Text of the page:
Ligurian Sea

Class was on Wednesday, January 27th. These were the wines:

How you’d see it on a list
Sulauze, “Galinette”, Côteau d’Aix-en-Provence, France 2018

Who made it? Karina and Guillaume Lefèvre, and their team.
Out of what? Grenache blanc, ugni blanc (alias trebbiano toscano), clairette and vermentino planted on sand over limestone in Provence, on a 29 hectare biodynamically certified estate that includes wheat and barley fields, a brewery, olive trees, and a vegetable garden.
Made how? Co-fermented with native yeasts, 90% in steel and a bit in used barrel, aged in tank and bottled without filtration and with minimal sulfur.

How you’d see it on a list
Bruna, Pigato, Riviera Ligure di Ponente, “Le Russeghine”, Liguria, Italy 2019

Who made it? Francesca Bruna, Francesca’s husband Roberto, and “two very skillful young men” named Ardian and Elvis.
Out of what? Pigato (a.k.a. vermentino, favorita, rolle), from estate-owned vines over 25 years old; the core is from the Russeghine vineyard overlooking the village of Ranzo Borgo, on reddish clay/limestone.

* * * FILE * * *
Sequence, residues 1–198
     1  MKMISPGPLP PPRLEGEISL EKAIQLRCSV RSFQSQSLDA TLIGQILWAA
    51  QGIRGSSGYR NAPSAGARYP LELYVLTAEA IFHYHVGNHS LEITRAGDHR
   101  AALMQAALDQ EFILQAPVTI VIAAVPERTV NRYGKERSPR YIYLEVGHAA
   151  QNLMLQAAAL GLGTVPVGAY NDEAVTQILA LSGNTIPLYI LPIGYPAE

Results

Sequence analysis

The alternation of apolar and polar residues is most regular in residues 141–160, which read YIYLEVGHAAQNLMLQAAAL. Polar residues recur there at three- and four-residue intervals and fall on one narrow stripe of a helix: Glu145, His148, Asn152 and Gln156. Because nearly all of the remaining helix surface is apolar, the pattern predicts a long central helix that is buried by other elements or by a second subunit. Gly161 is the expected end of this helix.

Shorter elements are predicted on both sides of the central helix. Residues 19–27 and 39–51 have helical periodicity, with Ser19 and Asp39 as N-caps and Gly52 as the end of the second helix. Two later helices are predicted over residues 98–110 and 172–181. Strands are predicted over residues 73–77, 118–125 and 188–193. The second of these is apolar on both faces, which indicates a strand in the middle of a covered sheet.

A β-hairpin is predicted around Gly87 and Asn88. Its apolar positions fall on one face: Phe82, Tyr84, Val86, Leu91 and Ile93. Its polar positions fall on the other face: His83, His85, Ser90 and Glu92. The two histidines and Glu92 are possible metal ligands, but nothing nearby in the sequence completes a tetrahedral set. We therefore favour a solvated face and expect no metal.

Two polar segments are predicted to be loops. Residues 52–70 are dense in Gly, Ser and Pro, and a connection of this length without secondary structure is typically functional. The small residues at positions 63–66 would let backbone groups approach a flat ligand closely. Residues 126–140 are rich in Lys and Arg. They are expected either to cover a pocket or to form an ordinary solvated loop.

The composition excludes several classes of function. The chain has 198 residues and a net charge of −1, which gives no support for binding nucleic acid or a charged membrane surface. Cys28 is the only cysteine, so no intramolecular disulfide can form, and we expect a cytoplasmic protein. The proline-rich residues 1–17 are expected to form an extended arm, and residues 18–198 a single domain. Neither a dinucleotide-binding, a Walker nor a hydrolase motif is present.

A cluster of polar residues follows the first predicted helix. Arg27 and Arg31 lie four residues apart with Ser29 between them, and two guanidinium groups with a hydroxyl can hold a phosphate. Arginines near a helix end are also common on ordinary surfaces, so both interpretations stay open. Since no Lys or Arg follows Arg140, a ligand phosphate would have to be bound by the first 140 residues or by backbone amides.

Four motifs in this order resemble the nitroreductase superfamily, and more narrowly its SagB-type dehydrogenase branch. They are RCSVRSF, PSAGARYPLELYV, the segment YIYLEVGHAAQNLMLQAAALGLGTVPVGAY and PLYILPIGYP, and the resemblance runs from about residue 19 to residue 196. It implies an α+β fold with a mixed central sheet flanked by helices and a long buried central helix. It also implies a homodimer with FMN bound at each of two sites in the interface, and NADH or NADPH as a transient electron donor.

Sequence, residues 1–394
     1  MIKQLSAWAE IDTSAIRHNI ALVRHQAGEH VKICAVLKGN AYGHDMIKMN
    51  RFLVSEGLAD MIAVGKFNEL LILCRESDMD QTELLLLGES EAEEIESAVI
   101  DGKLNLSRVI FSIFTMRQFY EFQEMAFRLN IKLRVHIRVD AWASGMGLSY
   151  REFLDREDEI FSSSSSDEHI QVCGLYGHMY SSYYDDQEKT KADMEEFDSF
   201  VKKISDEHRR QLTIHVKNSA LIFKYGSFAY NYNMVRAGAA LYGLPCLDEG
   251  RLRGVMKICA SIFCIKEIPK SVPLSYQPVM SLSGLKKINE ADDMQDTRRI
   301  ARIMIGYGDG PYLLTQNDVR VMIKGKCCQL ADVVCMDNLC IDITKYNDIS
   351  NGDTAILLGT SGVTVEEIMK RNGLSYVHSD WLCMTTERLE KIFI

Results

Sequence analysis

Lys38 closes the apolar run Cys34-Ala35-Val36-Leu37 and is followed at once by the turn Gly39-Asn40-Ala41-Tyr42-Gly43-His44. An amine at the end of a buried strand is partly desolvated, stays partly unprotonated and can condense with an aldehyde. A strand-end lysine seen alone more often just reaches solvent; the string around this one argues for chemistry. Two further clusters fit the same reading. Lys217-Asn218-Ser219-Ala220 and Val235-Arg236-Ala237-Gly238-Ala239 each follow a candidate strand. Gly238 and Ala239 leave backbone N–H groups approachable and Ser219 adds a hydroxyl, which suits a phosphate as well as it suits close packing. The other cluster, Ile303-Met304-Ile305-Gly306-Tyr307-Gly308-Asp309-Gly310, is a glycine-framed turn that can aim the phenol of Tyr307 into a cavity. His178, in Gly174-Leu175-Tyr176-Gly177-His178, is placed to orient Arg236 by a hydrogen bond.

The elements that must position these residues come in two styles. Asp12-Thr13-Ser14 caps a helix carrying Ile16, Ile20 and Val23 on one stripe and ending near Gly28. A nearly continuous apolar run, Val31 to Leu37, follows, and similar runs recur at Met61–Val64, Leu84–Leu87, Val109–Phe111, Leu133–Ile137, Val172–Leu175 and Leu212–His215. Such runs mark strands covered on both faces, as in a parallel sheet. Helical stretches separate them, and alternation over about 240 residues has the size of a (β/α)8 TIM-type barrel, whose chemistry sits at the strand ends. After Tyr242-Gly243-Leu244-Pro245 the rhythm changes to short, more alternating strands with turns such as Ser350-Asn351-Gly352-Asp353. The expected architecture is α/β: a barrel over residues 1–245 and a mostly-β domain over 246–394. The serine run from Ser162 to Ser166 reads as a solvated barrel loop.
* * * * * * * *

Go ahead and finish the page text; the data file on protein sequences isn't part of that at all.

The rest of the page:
Made how? Temperature-controlled fermentation with native yeasts in tank, aged in steel and large wood barrel. 

How you’d see it on a list: Tenuta Anfosso (or just Anfosso, since tenuta is the word for ‘estate’), Rossese de Dolceacqua Superiore, Liguria, Italy 2015

Who made it? Alessandro Anfosso and Marisa Perrotti; at (a tiny!) 5.5 hectares, their estate is one of the area’s top three largest, with fewer than 90 hectares all told.
Out of what? Rossese on limestone marls and sandstone, mostly young vines from recent plantings around the estate, practicing (but not certified) organic.
Made how? Partly destemmed, fermented with native yeasts in a combination of steel tank and used barrels; aged for 11 months in acacia barrel (and then another five [!] years in bottle, by the time we’re drinking it). I would guess a higher degree of sulfur addition, like 50-60ppm, given how long it takes to come out of its shell, but it’s not mentioned.

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